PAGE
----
Not really (or at least, that is a confusing way to think of it). Imagine, if you will, a cue ball with only side spin, the axis of rotation is vertical (up for right spin); it is perpendicular to the line between the contact point and the line parallel to the cue direction, passing through the center of the ball; it is also perpendicular to the direction of the hit. On the other hand imagine hitting with just draw, the axis is pointing directly to the right (relative to cue direction). Hitting with low right, therefore gives you an axis in between those two, namely an axis canted to the right, in the plane perpendicular to the direction of the cue.

Now as the draw wears off, it is easy to visualize the axis swinging from that slanted axis to one straight up, followed by one slanted to the left, as forward roll is acquired. If you practice this with a striped ball you can sometimes get it to show in an obvious way. Try it with the stripe angled at your intended start axis.

This in a excellent demonstration of precession, should you want further thought on the matter.


Thank You kindly.
Quote:
Originally Posted by Patrick Johnson View Post
For understanding the effects of rotating balls in pool, I think that's the clearest way to think of it. For instance, a rolling ball with sidespin curves a little - that's easiest to understand when we realize that a component of its total spin is some rotation about the horizontal axis parallel with its direction of travel ("masse spin").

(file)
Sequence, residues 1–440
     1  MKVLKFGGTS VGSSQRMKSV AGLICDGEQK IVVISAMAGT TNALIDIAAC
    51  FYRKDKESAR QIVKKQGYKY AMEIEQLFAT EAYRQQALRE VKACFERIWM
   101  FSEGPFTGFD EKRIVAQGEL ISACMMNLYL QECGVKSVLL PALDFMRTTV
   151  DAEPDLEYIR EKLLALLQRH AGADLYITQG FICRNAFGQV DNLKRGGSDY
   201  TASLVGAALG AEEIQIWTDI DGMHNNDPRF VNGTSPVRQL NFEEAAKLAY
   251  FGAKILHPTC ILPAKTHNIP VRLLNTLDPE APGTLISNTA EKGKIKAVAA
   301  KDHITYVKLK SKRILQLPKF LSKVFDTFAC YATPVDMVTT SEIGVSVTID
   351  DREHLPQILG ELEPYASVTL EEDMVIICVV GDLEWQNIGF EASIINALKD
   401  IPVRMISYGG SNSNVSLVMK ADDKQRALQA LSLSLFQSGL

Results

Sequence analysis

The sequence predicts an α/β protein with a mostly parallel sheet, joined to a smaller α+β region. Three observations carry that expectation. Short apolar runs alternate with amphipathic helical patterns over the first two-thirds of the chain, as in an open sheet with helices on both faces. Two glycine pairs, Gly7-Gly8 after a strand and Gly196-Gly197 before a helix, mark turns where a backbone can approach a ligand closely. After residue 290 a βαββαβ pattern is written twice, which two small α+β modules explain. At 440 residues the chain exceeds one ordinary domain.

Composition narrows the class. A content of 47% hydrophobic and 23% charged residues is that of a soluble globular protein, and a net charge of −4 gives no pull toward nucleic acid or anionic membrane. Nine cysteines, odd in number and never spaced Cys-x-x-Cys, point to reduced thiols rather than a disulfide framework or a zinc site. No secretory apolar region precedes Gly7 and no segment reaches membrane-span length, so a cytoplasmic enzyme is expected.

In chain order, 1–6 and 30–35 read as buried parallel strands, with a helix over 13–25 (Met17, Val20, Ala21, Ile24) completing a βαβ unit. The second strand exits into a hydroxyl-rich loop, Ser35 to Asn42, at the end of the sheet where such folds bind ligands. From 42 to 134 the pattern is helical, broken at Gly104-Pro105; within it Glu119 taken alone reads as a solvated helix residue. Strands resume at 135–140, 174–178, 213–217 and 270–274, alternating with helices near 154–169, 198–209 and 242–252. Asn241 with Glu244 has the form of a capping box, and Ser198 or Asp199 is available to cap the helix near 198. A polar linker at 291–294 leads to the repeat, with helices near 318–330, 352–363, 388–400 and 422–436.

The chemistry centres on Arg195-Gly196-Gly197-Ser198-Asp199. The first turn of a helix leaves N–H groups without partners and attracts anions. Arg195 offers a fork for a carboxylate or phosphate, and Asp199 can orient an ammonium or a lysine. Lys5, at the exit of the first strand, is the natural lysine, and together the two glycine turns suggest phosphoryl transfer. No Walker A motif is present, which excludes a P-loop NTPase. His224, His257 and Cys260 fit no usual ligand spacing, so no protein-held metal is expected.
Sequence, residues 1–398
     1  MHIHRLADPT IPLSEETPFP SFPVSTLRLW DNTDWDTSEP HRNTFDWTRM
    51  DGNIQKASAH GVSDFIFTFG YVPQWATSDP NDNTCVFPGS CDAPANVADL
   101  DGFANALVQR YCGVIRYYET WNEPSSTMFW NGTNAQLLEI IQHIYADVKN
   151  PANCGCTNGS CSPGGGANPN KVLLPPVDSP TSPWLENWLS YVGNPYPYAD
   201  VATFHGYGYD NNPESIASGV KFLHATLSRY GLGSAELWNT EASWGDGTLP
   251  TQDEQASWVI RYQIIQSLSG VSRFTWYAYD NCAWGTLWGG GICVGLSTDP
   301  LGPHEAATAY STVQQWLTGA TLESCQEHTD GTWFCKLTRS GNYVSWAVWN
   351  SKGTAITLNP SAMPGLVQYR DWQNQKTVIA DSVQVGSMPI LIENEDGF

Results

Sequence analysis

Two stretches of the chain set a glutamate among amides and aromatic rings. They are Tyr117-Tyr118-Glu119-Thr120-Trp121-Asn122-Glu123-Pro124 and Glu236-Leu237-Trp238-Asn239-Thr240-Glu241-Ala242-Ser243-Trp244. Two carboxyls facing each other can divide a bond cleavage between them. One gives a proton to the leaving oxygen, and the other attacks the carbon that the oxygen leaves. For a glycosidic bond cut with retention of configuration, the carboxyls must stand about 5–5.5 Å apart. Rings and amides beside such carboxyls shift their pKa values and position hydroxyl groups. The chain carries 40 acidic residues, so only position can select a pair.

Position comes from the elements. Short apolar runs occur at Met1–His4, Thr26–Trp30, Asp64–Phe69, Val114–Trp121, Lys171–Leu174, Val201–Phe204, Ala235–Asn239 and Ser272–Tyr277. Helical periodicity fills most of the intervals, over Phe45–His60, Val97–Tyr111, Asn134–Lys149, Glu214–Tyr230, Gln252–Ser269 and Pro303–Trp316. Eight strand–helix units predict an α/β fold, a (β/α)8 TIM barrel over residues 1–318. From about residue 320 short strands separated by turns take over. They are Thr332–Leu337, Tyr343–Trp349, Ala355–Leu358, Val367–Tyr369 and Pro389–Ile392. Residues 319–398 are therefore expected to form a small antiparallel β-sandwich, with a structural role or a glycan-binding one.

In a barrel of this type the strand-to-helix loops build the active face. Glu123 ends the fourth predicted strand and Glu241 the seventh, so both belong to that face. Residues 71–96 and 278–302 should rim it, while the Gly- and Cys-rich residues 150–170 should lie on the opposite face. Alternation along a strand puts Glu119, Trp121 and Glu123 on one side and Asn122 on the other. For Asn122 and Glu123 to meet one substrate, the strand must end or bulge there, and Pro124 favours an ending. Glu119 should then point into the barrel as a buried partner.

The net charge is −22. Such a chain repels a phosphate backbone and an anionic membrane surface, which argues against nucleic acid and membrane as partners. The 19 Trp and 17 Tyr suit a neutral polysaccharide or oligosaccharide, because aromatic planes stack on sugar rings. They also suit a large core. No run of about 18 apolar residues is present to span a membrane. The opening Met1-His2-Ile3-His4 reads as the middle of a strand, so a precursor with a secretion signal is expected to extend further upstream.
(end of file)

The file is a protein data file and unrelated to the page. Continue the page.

And when the same rolling ball with side spin hits a rail, it's easiest to understand the angle change that occurs when we realize that another component of its total spin is some rotation about the vertical axis.

pj
chgo
I understand the both of you. I get it very much and thank you both.


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01-23-2016, 10:57 PM

Quote:
Originally Posted by dr_dave View Post
FYI, to those interested, I did some measurement and calculations. The analysis is here:

TP B.19 - Comparison of cue ball deflection (squirt) "endmass" and stiffness effects

For the example numbers I used, the direct stiffness effect is only about 1.5% of the total cue ball deflection (squirt) effect. That is indeed very small.

Regards,
Dave
Thanks Dave,
I hope that I get a 1.5% raise next month...it will mean a lot to my wife...rather than getting cut.

Rod Cross, Physics Department, University of Sydney invested a lot of time resources and science to conclude that a thinner shaft reduces squirt. I hope that he is informed that his study was not for naught and contributes 1.5% according to your calculation. Even scientist can be punked.